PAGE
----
Language Selection

English French German Italian Portuguese Spanish

For Web editors, Nvu is the ticket

Filed under
Software

You don't have to buy software anymore.

Well, maybe you do, if you're the information systems department. Or if you need technical support (lotsa luck with that 800 number). Almost certainly, if you're a professional doing a professional job.

But for home users, free open-source software is the way to go.

I told you last week about FileZilla (http://sourceforge.net), an open-source FTP (file transfer protocol) client, the latest to join the LouPak collection at www.dolinar.com. This week we'll talk about Nvu (http://www.nvu.

com), a free Web page editor that runs on Mac, Windows and Linux. It is a WYSIWYG (what you see is what you get) editor - you don't have to write lines and lines of obscure code to create a Web page, even if it does help to understand raw HTML to get through some rough spots.

Now WYSIWYG HTML editors are not a dime a dozen. Serious site developers use Adobe (formerly Macromedia's) Dreamweaver 8, at $399 a pop, which may be as much as you paid for your computer last Christmas. By the time you get done tricking it out with scads of add-ins, bolt-ons and templates (http://www.macromedia.com/software/dreamweaver), all of which make a professional's life easier, you've got dinner for two at the Rainbow Room. Somewhat less impressive is Microsoft FrontPage 2003 (http://office.microsoft.com/en-us/ FX010858021033.aspx), aimed at lightweight business users and designed to link up with other Microsoft Office components, at $199 for new users and $109 for upgrade and showing its age.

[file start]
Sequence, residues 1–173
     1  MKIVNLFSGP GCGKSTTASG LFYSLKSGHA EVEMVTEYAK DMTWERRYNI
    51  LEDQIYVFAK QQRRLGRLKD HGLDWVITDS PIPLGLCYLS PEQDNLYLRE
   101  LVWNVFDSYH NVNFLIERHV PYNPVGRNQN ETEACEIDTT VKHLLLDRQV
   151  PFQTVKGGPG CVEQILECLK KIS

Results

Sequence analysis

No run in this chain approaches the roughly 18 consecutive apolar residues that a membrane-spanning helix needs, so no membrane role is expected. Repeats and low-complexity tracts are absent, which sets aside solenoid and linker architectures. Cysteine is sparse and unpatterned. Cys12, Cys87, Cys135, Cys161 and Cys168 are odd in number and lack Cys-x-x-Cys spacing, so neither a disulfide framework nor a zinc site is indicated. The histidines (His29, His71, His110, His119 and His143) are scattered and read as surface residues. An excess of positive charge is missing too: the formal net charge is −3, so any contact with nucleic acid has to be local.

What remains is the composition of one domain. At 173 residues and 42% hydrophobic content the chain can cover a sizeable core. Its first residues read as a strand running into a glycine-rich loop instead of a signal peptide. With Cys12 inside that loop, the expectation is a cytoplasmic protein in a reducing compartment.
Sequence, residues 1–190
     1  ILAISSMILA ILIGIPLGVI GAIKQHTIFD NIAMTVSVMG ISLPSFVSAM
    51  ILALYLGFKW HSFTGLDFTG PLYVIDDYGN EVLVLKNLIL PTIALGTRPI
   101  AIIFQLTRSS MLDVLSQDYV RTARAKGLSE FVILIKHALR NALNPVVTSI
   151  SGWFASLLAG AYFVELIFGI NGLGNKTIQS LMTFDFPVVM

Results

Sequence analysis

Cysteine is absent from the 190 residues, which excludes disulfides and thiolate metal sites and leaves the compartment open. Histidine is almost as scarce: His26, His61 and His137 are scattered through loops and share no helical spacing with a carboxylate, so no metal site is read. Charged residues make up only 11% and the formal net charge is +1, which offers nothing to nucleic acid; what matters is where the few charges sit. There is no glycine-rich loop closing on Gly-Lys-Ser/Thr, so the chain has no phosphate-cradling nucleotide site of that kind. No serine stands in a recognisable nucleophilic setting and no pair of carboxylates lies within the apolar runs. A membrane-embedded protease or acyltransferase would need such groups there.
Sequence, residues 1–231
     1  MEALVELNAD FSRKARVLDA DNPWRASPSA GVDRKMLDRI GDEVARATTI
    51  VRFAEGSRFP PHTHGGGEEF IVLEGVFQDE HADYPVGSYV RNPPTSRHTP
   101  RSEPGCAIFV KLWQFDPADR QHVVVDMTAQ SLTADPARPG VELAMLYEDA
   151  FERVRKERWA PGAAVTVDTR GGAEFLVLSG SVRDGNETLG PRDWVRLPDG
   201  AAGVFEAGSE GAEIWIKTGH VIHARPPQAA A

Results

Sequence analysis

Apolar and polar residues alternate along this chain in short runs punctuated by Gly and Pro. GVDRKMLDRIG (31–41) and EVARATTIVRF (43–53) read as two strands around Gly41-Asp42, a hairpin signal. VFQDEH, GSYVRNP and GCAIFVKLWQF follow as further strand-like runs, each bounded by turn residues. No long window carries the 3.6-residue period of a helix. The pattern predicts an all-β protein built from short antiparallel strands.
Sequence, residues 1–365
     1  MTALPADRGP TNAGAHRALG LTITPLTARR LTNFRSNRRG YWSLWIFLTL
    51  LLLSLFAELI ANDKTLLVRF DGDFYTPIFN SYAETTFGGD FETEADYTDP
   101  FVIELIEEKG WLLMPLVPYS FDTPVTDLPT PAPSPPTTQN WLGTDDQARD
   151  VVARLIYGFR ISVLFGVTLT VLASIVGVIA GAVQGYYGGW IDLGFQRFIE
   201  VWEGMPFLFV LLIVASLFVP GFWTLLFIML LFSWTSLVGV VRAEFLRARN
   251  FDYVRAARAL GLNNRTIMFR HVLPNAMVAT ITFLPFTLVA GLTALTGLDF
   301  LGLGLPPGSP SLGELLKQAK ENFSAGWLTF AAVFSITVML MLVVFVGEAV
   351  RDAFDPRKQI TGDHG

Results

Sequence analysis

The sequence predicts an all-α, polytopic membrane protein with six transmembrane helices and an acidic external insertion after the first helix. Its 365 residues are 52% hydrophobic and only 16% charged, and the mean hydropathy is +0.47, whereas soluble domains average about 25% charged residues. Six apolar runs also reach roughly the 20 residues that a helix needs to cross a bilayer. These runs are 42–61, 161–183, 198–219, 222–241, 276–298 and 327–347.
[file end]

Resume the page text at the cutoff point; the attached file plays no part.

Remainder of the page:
Things go downhill rapidly from there.

Full Article.

More in Tux Machines

Kernel 3.18 development – the kernel column

Linus Torvalds announced Linux 3.17, the Shuffling Zombie Juror, saying, “The past week was fairly calm, and so I have no qualms about releasing 3.17 on the normal schedule”. The latest kernel includes a number of nice headline features, such as the new getrandom() system call and sealed files APIs that we covered in previous issues of LU&D. Linux 3.17 also includes support for less highlighted new features, such as new signature checking of kexec()’d kernel images and sparse files on Samba file systems (which is significant for those mounting Windows and Mac shares). Read more

Qt 5.4 Release Candidate Available

I am happy to announce that Qt 5.4 Release Candidate is now available. After the Qt5.4 Beta release we have done some build & packaging related updates in addition to large number of error fixes based on feedback from Beta release. Read more

Weston's IVI Shell Sees New Version

There hasn't been much in the way of exciting Wayland/Weston developments to report on this month, but its development is continuing in its usual manner. Out today is another version of the Weston IVI Shell as it still works to being accepted upstream. The weston-ivi-shell is a reference shell for Wayland's Weston compositor running on In-Vehicle Infotainment (IVI) systems. The Weston-IVI work dates back many months and today's revision to the shell marks its eighth public version as it still seeks to be accepted into mainline Weston. Read more

Python 3 Support Added To The GNOME Shell

The GNOME Shell 3.15.2 release fixes some visual glitching, improves the layout of the extension installation dialog, supports the CSS margin property, and offers other bug fixes and minor enhancements. Most notable to GNOME Shell 3.15.2 though is there's finally Python 3 support. Many GNOME components have long ported their Python 2 code to Python 3 while GNOME Shell's Python support has just received the Py3 treatment. Details on GNOME's overall Python 3 porting work can be found via this Wiki page. Read more